Chemical Corps Soldier personifies personal courage, places mission first
March 11, 2008
Integrity check - How many times have you thought, or even said, "This is not my job ... I didn't sign up for this ... I'm not supposed to be here, doing this!"'
Even the most dedicated and selfless Soldiers, when honest with themselves, may answer yes to that question, because they're human - they breathe, bleed, want and need, just like everybody else. Soldiers are not different because they never think, "what about me'" They're different because despite being human, especially in moments when they may think, "I didn't sign up for this," they still find the personal courage within themselves to "place the mission first."
Sgt. Charles A. Claude Jr., has found and lived that personal courage throughout his seven years in uniform, a time that's afforded him many opportunities to say, "This is not my job" - perhaps none more obvious than during his recent tour in Iraq.
Claude redeployed to Fort Bliss, Texas, in December 2007, after serving a 15 month tour in Mosul, Iraq, with E Company, 2nd Battalion, 7 Cavalry Regiment, 4th Brigade Combat Team, where he earned the Bronze Star with "V" device for valor and the Purple Heart for doing what he's always done - "placing the mission first."
"We're a combat engineering company, and [downrange] we were in charge of clearing all of Mosul of [improvised explosive devices], which is the second largest city in Iraq, and we only had one battalion and one route clearing company, so we did two to three missions a day," Claude explained. "We were about three months from coming home - it was Sept. 2 - I'd been the first sergeant's gunner since the second month of the deployment and we were the element that would pursue people that fired RPGs and small arms fire at us after an IED - that's what we were doing that day, moving to contact on some guys that fired an RPG at [us], and it was a big fire-fight, all hell broke loose ... we were coming down this back road, and I was shooting this car, and around the corner there was an insurgent and he tried to go head-to-head with our [Armored Security Vehicle]. He actually did some damage with his AK-47 - took my driver's window completely out, and blew my sight out."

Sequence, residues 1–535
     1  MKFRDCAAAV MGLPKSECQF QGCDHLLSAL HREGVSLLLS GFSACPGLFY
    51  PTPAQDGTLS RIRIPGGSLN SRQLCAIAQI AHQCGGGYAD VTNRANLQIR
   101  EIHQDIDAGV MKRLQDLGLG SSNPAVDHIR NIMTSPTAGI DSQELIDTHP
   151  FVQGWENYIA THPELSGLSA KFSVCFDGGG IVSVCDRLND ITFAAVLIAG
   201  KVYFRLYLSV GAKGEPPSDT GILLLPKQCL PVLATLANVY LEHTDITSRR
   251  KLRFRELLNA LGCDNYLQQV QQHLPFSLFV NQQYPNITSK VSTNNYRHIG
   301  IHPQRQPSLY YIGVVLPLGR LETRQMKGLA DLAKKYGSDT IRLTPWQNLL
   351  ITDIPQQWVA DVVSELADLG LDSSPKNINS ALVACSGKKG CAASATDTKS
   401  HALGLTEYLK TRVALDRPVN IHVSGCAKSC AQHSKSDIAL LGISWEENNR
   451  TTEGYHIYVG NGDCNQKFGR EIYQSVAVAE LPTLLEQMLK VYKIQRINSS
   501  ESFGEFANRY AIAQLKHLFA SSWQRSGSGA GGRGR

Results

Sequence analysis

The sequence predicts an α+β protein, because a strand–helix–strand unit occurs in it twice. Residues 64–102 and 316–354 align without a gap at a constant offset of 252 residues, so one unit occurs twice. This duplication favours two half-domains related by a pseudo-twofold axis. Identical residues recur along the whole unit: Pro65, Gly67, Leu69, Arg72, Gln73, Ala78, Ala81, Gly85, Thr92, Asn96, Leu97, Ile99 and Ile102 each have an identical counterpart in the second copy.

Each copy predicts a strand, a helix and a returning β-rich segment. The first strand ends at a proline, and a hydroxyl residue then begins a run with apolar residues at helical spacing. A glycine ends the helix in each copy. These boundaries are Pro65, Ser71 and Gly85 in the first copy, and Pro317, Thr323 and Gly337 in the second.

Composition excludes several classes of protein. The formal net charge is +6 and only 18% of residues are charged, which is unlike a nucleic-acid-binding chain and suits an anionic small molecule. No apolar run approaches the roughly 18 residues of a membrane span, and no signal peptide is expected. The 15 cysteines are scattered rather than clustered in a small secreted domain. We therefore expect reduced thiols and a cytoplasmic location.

During the fire-fight, one of the insurgent's rounds came through the ASV window, flipped around inside the vehicle and shattered apart, wounding Claude's arm and his first sergeant's leg.
"I didn't even know I was hit at that time," Claude remembered. "It all happened so fast ... we got a call from the vehicle behind us saying that the [insurgent] was hanging on our vehicle, so I popped out of the hatch and shot him ... that day was just as crazy as the rest of the days, but that day we got hurt - I'd say it was only about two weeks later and we were back out on the road again."
By the way - Claude isn't a combat engineer (21 B) like the majority of his company. He's a chemical, biological, radiological and nuclear specialist (74 D). But on that September day, like the hundreds of combat days before it, Claude didn't act like a 21 B or a 74 D - "I just acted like a Soldier," he said. "It's something I've always tried to do, so that moment was no different."
Claude's actions prior to that day also reflect this attitude. For example, he had continued to work as the unit's Nuclear Biological Chemical and Ammunition noncommissioned officer after assuming the position as first sergeant's gunner earlier in the deployment.
"Originally other engineers were supposed to be the first sergeant's gunner, but we were shorthanded, people where stepping up and filling spots - I ended up working 12 to 16 hours a day and that may have included going on a five hour mission, coming back and being in charge of the [Tactical Operations Center] ... and completing my ammunition duties, and we were firing off rounds every day," Claude said. "But, I'm not the type of guy that wants to sit in the office listening to all the action on the radio ... of course with my background I wanted to be out there with my unit."
The background Claude referenced includes his three years as an infantryman (11 B) and his first tour to Iraq in April 2003 with the 10th Mountain Division.